Why Are Astronauts Weightless in Space?

by Nancy Atkinson on May 21, 2012

Most of our regular readers understand why astronauts and objects appear to float around on the International Space Station, but there are some misconceptions and preconceived notions out there on this topic that aren’t true and which don’t represent a very good understanding of physics! This video provides an entertaining look at some of the ideas people have about the zero-gravity environment on board an orbiting spacecraft, and shows why the astronauts actually appear weightless.

But let’s discuss it, too:

When asked why objects and astronauts in spacecraft appear weightless, many people give these answers:

1. There is no gravity in space and they do not weigh anything.

2. Space is a vacuum and there is no gravity in a vacuum.

3. The astronauts are too far away from Earth’s surface to be subject to its gravitational pull.

These answers are all wrong!

The main thing to understand here is that there IS gravity in space. This is a very common misconception. What keeps the Moon in its orbit around the Earth? Gravity. What keeps the Earth in orbit about the Sun? Gravity. What holds galaxies together? Gravity.

Gravity is everywhere in space!

If you built a tower on the Earth 370 km (230 miles) high, about as high as the Space Station’s orbit, the gravity on top of the tower would be almost as strong as if you were on the ground. If you stepped off the top of the tower, you would drop to the Earth just as Felix Baumgartner will do later this year when he attempts to jump from the edge of space. (Of course, this does not account for the freezing temperatures that would ultimately cause your demise, or how no air or air pressure would kill you, or how dropping through the atmosphere would seriously do a number on your body parts. And then that sudden stop would be bad, too.)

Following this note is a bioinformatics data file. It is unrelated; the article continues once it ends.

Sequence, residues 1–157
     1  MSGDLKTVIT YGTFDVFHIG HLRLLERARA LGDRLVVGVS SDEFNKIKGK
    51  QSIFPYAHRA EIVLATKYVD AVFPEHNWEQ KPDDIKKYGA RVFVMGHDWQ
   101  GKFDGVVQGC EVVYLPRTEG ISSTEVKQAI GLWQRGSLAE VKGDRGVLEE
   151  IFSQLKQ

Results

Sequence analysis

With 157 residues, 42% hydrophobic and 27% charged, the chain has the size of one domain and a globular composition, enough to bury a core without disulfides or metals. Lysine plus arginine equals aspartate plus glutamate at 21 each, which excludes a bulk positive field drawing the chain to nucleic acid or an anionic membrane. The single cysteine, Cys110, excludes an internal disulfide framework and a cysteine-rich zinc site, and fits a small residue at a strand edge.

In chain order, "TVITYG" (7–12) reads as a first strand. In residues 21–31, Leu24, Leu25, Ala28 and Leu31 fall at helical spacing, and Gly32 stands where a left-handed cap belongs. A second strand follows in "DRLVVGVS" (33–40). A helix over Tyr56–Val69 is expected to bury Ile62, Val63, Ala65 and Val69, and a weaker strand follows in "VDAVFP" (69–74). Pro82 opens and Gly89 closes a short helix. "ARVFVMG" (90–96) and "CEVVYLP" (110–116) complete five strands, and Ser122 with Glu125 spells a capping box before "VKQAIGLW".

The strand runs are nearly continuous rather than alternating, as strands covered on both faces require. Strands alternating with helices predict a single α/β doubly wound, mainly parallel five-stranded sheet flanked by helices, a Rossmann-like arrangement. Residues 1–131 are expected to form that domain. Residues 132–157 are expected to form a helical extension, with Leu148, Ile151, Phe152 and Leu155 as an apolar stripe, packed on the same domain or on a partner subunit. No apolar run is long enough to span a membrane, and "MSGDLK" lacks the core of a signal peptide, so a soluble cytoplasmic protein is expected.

So, why doesn’t the Space Station or satellites in orbit fall to the Earth, and why do the astronauts and objects inside the ISS or other spacecraft appear to be floating?

Because of speed!

The astronauts, the ISS itself and other objects in Earth orbit aren’t floating, they are actually falling. But they don’t fall to the Earth because of their huge orbital velocity. Instead, they fall around Earth. Objects in Earth orbit have to travel at least 28,160 km/h (17,500 mph). So, as they accelerate towards the Earth, the Earth curves away beneath them and they never get any closer. Since the astronauts have the same acceleration as the space station, they feel weightless.

There are times when we can be weightless — briefly — on Earth, when you are falling. Have you ever been on a roller coaster and just past the peak of a hill as the car starts to go down, your body lifts from the seat? If you were in elevator a hundred stories high, and the cable broke, as the elevator fell, you would float inside the elevator car. Of course, in that case the ending would be rather disastrous.

And also you’ve probably heard about the “Vomit Comet” — the KC 135 airplane that NASA uses to create short periods of weightlessness for astronaut training and to test out experiments or equipment in zero-G, as well as the commercial Zero-G flights where the plane flies in a parabola, and like a roller coaster (but at greater speeds and higher altitudes) when the plane goes over the top of the parabola and heads downward, a zero gravity environment is created as the plane falls. Luckily, the plane pulls out of the fall and levels off.

Let’s go back to the tower. If instead of just stepping off the tower, you took a running leap, your forward energy would carry you away from the tower at the same time that gravity pulled you down. Instead of hitting the ground at the base of the tower, you would land a distance away. If you ran faster, you could jump further from the tower before you hit the ground. If you could run as fast as the space shuttle and ISS orbits the Earth, at 28,160 km/h (17,500 mph), the arc of your jump would make a circle around the Earth. You would be in orbit and weightless. You would be falling without hitting the ground. Spacesuit and ample breathable air needed, however.

And if you could run at about 40,555 km/h (25,200 mph) you would jump right past Earth and start orbiting the Sun.

The International Space Station, the space shuttle, and satellites are designed to stay in orbit, neither falling to the ground nor shooting off into space. They orbit the Earth about every 90 minutes.

So, when you are in orbit, you are in free fall, and are weightless.


Nancy Atkinson is Universe Today's Senior Editor. She also works with Astronomy Cast, and is a NASA/JPL Solar System Ambassador.

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